Azure Databricks Tables - Delta Lake, Hive Metastore, TempViews, Managed, External

By:   |   Updated: 2023-09-28   |   Comments (2)   |   Related: > Azure Databricks


Problem

Data comes in different forms and shapes, and having structured data that allows for easy transaction and reading is in high demand in the ever-growing world of data. It is impossible to overestimate the importance of structured data that can be easily used for company operations and intelligent analytics.

Solution

Databricks Delta Lake supports table creation in both Databricks SQL and Databricks Runtime. In this article, I will discuss the different tables that can be created using Azure Databricks and dive deep into the importance of Delta Lake tables.

What is Structural Data?

Data organized in a predefined way, often in rows and columns, are usually referred to as structured data. This data format is often used for analytic purposes and stored in a database, spreadsheet, and other data format.

Hive Metastore

Databricks Hive Metastore, or a legacy store, is a centralized repository of metadata about Hive tables and partitions. Information like the table name, schema, location, and partitioning information are stored here.

Hive Metastore Storage

Hive Metastore in Databricks are stored in two ways:

  1. Databricks Managed Hive Metastore: Databricks oversees running its own Hive Metastore instance in this approach. The Databricks platform itself houses and manages the metadata. To store the metadata data, Databricks builds its own database and metastore tables.
  2. External Hive Metastore: Databricks can be set up to use a Hive Metastore external to the Databricks platform. It may be set up on many platforms, including Apache Hive, MySQL, and PostgreSQL. Databricks clusters can connect to the external metastore using a JDBC connection.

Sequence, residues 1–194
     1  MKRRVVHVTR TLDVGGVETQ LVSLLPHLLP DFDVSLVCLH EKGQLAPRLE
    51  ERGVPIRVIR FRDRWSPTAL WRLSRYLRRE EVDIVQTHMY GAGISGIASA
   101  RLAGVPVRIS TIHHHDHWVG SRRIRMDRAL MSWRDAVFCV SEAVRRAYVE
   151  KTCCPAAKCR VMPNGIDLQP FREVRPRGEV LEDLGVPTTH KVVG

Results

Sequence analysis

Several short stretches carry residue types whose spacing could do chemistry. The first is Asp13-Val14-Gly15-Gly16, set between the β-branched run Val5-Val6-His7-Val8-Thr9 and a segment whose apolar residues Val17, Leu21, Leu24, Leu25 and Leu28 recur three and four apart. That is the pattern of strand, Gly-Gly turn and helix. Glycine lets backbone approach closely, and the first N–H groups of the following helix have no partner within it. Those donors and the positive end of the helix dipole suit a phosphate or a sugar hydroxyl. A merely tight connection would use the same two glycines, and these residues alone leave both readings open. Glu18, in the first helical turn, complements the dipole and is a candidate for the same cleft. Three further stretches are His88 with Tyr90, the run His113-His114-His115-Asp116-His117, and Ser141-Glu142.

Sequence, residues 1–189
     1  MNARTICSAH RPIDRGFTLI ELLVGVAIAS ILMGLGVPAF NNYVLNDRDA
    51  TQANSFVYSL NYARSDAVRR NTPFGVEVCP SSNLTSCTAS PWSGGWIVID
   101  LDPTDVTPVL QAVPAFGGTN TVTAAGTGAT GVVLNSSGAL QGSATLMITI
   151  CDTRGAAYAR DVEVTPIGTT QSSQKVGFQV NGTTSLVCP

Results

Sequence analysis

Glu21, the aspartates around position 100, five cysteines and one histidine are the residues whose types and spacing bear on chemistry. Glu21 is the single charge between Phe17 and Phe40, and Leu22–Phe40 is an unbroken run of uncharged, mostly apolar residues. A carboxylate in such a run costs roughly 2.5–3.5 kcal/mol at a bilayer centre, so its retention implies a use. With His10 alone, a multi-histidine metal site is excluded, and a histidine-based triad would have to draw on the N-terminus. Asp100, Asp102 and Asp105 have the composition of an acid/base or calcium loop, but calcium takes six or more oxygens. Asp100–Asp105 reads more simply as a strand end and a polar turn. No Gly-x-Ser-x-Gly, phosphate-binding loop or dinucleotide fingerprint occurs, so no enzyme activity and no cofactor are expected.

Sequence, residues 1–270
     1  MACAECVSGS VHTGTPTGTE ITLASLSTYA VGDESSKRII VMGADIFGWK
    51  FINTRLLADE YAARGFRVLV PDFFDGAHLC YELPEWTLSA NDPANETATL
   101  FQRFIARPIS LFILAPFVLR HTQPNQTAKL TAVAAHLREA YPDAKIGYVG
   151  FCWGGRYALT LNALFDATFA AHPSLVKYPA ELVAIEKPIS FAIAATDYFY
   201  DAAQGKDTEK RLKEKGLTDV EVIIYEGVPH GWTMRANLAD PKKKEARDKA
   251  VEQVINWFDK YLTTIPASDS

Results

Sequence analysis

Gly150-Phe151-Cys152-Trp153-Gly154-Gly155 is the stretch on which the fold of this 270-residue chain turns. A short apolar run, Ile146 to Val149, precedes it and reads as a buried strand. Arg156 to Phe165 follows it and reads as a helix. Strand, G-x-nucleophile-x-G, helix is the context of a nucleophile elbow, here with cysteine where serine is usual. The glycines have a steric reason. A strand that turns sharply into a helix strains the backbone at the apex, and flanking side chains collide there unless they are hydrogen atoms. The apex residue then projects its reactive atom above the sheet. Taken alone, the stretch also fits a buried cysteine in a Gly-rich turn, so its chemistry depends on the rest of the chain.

Differences Between the Managed and External Metastores

Data stored in legacy storage in Databricks is used in these two scenarios. Understanding the differences and which is best for your organization will help make business and cost decisions.

Features External Hive Metastore Managed Hive Metastore
Location Outside of Databricks clusters Inside/Within the Databricks clusters.
Flexibility More adaptable for integrating many tools. Less adaptable to blending in with others.
Scalability Scalable to accommodate the requirements of massive data warehouses. Limited scalability.
Maintenance Requires independent maintenance and backups. Supervised as a function of Databricks management.
Governance and Control Uses a separate governing process. Conforms to the Databricks governance model

What are TempViews?

In Databricks, a temporary table, called a TempView, is produced during the active SparkSession and is only available to that SparkSession. TempViews are usually associated with a SparkSession and are dropped automatically when a current SparkSession ends. Therefore, you are not required to explicitly remove TempViews.

Local TempView

The Local TempView is usually visible within a current notebook or script. When the notebook separates from the cluster, it will no longer exist and cannot be referenced outside the notebook or script. The Local TempView can be created with the command createOrReplaceTempView().

Create a Local TempView

Step 1: Read CSV File

We will be working on the Databricks notebook. First, we need to check all the mount points available in our Databricks. The dbutils.fs.mounts() command retrieves information about all currently mounted storage in Databricks. This can be Azure Storage (Blob or Data Lake Gen 2), Amazon S3 bucket, or Google Cloud Storage attached to the Databricks workspace.

query results

We need to set the data schema; this is done to prevent schema evolution.

query results

Now that we have set the schema for the individual columns, read the CSV file from the mount point.

target_bronze = spark.read.     schema(target_schema)        .csv("/mnt/xxxxxxxxxxxxx/xxxxxxxxxxxx/Sales Target.csv", header=True)